What Does ‘Made in USA’ Really Mean? 2016 Opens With Barrage of Complaints, Changes

patriotic eagle taking wing in front of US flagMany Americans believe very strongly that it’s important to purchase consumer goods, products, and parts stamped “Made in USA,” and those three words carry a lot of weight.

This January, Wisconsin contractor Novum Structural LLC pleaded guilty to defrauding the federal government by claiming it used materials manufactured in the United States for three major federally funded projects: a courthouse in Illinois, a transportation project in New Orleans, and the $2 billion Miami Intermodal Center. Yet a whistleblower demonstrated that Novum actually used cheap goods manufactured overseas in China, in violation of the 1933 Buy America Act.

For its part, Novum said the foreign-made goods only made up 3% of the various projects’ materials, but that it would accept “full responsibility” for the violation and penalties.

In a statement, Novum Vice President Travis Loften said, “It is important to note that the noncompliance relates solely to the country of origin of the products. At no time was there an issue with the quality of materials used. Novum has taken action to resolve the vast majority of non-compliance issues on all projects, including the Miami Intermodal Center…Today, the MIC is in full compliance with Buy America requirements.”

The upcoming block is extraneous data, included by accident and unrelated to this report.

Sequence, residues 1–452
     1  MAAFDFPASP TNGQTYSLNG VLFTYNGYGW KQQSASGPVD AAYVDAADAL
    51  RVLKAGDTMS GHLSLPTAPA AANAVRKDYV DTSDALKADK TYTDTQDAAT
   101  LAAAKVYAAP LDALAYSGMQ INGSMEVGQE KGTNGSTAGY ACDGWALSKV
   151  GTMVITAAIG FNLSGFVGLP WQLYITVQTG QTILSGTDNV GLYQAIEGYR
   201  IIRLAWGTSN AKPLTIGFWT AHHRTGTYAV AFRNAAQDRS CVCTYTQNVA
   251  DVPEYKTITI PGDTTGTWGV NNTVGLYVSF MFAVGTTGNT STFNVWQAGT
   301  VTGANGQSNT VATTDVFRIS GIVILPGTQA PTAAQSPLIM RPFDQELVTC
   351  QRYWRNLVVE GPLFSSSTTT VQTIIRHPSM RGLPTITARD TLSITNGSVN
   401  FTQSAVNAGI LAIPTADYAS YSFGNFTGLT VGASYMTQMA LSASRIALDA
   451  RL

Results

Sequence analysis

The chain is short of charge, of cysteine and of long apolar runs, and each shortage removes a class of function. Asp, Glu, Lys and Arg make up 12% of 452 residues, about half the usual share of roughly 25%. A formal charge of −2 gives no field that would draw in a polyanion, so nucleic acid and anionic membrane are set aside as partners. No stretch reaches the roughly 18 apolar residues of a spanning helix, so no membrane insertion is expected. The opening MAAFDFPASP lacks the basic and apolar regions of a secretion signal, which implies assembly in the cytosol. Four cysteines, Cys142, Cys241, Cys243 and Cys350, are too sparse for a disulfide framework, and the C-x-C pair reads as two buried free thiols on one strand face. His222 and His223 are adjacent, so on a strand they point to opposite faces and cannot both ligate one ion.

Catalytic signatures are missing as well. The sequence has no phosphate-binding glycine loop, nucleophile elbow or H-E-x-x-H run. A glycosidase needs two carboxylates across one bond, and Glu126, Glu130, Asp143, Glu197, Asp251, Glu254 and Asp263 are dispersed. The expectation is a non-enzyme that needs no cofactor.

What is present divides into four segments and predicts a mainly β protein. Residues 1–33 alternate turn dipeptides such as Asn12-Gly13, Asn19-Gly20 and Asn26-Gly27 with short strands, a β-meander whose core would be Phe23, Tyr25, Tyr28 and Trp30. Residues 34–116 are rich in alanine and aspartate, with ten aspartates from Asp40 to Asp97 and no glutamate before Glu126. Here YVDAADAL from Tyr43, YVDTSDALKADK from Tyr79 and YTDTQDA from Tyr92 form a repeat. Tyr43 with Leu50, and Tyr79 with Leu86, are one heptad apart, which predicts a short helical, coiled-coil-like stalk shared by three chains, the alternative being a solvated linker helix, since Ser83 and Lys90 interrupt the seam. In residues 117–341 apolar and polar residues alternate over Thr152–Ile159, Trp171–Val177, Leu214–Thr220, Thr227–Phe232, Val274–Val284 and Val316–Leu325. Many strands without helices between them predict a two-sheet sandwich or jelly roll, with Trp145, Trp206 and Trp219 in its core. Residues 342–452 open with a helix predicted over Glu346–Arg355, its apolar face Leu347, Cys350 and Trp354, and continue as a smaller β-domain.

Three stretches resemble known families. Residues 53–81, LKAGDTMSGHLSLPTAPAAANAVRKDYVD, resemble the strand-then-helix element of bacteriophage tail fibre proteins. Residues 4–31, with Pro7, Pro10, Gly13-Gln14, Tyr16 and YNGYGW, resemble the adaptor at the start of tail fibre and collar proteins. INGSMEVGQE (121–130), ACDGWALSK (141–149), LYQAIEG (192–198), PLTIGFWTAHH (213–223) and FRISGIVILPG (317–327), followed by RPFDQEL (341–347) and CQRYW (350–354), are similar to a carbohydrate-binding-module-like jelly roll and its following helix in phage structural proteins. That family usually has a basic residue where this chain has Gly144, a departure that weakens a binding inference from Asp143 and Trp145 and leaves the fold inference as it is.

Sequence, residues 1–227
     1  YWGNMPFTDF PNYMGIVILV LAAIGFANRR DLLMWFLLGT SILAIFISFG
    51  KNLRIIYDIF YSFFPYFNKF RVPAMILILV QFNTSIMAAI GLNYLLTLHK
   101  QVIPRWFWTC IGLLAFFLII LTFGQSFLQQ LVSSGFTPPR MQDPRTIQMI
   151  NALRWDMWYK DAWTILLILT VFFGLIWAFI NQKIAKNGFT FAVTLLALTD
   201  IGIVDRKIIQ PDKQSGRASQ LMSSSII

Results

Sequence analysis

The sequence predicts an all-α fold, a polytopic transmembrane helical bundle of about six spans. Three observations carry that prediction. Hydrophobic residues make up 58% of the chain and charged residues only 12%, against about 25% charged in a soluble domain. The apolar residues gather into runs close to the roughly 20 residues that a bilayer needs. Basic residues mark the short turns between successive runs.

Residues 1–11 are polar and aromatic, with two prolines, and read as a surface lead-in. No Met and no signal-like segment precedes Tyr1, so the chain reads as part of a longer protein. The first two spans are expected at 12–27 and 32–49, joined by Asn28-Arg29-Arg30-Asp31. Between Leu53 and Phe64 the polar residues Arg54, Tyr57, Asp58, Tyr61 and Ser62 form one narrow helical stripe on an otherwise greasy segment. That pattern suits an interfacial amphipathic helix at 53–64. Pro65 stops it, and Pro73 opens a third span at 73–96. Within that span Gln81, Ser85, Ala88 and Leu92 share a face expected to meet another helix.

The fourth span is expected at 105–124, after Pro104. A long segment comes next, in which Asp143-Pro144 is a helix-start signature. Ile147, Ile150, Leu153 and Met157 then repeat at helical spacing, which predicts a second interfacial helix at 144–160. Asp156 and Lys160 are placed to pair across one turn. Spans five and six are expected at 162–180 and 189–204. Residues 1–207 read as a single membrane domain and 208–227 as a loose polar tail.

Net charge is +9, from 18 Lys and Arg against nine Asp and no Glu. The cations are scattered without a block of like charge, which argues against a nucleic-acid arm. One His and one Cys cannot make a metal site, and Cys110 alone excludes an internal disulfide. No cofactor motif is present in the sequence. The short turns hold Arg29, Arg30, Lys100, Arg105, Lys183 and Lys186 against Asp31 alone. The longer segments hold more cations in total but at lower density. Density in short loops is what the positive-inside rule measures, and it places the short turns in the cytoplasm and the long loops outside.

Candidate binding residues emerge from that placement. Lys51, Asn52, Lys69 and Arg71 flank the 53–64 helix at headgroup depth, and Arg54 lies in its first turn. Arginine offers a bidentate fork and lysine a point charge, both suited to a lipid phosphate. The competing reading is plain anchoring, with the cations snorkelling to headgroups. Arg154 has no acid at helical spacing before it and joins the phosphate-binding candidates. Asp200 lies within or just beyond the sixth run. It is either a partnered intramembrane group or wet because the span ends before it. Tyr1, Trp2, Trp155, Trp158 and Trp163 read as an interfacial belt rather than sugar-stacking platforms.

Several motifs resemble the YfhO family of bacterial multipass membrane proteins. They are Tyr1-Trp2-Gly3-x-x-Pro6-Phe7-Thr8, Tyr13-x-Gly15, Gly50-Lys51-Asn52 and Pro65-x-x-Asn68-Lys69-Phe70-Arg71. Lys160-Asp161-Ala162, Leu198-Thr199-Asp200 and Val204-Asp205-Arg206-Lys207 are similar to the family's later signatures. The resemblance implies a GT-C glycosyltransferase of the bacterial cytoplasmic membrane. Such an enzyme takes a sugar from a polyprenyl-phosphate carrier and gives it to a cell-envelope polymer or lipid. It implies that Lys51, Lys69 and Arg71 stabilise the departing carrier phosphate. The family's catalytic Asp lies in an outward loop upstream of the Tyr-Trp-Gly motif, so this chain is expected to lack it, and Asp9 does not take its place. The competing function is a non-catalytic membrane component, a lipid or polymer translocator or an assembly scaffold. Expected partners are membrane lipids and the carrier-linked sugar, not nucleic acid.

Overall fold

Although many people believe most U.S. manufacturing has moved offshore to places like China, there are still many American manufacturers pumping out Made in USA goods, from high-tech plastics to crane pads. According to the Antitrust Law Source, Made in USA labeling can be “a trap for the unwary.” Some states have even stricter labeling laws that go well beyond the Buy America Act.

For instance, until January 1, 2016, California’s Made in USA law stated that if a company uses even the smallest component manufactured elsewhere in their product then they could be liable for deceptive marketing.

California’s labeling law posed particular problems for food and beverage makers. Even U.S. companies that make their products in the country could be hit with class action lawsuits simply for using ingredients, produce, or spices imported from abroad. But in January 2016, an amendment signed by California Governor Jerry Brown eased some of these restrictions.

Now, according to Lexology.com, “the new law allows companies to label their products ‘Made in USA’ if either: (1) all the foreign components of the product constitute no more than 5% of the final wholesale value of the manufactured product; or (2) all the foreign components of the product constitute no more than 10% of the final wholesale value of the manufactured product, and the manufacturer of the product shows that it can neither produce the components in the United States, nor obtain the components from a domestic source.”

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